Of course, women’s care for others – directed primarily toward their family members, freed the state of any responsibility for citizens. Patriotic discourse (which many women believed too, unfortunately) enabled the state to spend citizen’s labor and money on war or war-profiteering.

In one seminar (at Borsko Jezero in east Serbia), in which we more clearly defined the groups, that is families, women often talked about what they called black humor. Once they saw the way in which they had to deal with poverty, there were no conflicts within the families in which they had to agree about spending, and they laughed at all of this. When we have asked them how they made their decisions, one of them replied, “when we decided to survive, we easily agreed.”

In Predejane, near Leskovac, we did this workshop with women from the south of Serbia. The outcome from this workshop had the strongest impression on me personally. Groups most often spent money on food, and sometimes electricity. Often, the majority of other expenses were not on the list we gave them. They chose books, travel, and similar things. One of participants raised to our attention the great danger because most women were saving for health care and contraception, which is a critical issue in women’s health, especially in the health of young women. Most women, as well, in this game chose to live in smaller places, because the expenses are lower. They often refused to pay for water and heating bills in the workshop, and—I think—in their everyday life. I wasn’t sure if this was intentional civil disobedience or if it was simply a lack of choice.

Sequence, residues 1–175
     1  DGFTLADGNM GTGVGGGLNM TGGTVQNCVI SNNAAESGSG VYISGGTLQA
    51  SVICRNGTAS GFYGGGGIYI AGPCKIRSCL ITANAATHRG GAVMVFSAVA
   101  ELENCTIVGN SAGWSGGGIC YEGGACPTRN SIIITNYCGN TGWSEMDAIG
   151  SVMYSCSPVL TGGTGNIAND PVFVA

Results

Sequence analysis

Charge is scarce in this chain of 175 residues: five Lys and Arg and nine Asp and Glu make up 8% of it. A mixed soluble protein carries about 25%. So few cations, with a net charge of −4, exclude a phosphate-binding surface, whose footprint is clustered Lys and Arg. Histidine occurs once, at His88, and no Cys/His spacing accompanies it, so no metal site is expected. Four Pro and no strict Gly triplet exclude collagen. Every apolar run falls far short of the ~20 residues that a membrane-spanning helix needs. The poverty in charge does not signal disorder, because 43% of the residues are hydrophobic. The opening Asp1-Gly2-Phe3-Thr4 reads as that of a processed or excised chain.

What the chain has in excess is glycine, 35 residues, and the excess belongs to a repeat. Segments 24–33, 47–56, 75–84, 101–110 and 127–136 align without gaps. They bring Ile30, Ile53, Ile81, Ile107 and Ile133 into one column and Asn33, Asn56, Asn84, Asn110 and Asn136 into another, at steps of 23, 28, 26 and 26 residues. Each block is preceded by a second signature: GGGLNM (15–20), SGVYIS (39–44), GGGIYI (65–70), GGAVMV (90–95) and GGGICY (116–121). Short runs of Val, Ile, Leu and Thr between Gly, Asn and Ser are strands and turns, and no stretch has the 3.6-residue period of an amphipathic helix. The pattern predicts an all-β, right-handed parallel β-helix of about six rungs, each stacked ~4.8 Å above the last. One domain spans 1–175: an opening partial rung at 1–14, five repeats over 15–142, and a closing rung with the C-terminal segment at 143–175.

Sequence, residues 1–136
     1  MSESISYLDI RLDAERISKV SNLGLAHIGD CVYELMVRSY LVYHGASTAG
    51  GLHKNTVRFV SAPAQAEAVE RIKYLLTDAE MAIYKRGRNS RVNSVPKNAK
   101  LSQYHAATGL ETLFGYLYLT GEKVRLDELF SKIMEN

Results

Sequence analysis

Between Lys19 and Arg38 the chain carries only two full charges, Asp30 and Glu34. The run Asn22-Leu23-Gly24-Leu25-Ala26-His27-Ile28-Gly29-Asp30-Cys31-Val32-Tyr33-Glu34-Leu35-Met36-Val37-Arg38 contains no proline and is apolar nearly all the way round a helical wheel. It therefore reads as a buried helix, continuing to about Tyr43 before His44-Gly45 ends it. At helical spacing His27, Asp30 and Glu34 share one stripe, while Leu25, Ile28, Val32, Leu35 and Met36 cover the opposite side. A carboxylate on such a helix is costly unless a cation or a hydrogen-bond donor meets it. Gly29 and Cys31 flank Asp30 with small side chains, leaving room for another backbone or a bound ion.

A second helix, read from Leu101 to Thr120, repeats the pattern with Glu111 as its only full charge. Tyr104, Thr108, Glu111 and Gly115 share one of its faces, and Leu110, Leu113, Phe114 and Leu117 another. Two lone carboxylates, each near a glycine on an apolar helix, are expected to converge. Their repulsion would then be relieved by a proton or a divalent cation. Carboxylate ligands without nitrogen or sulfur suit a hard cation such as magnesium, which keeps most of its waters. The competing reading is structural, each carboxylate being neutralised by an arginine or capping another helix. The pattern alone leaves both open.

After this workshop, a lecture on traditional and human security follows. At the end, there is a discussion in which each participant says if she personally feels secure here in Serbia. If yes, why, if not, why not? The answer is, of course, unanimously no. In the first place, all answers are focused on or related to economic insecurity, either for themselves or for their children, but most often it is about money.

(Edited by Danijela Jelisavac and Stasa Zajovic)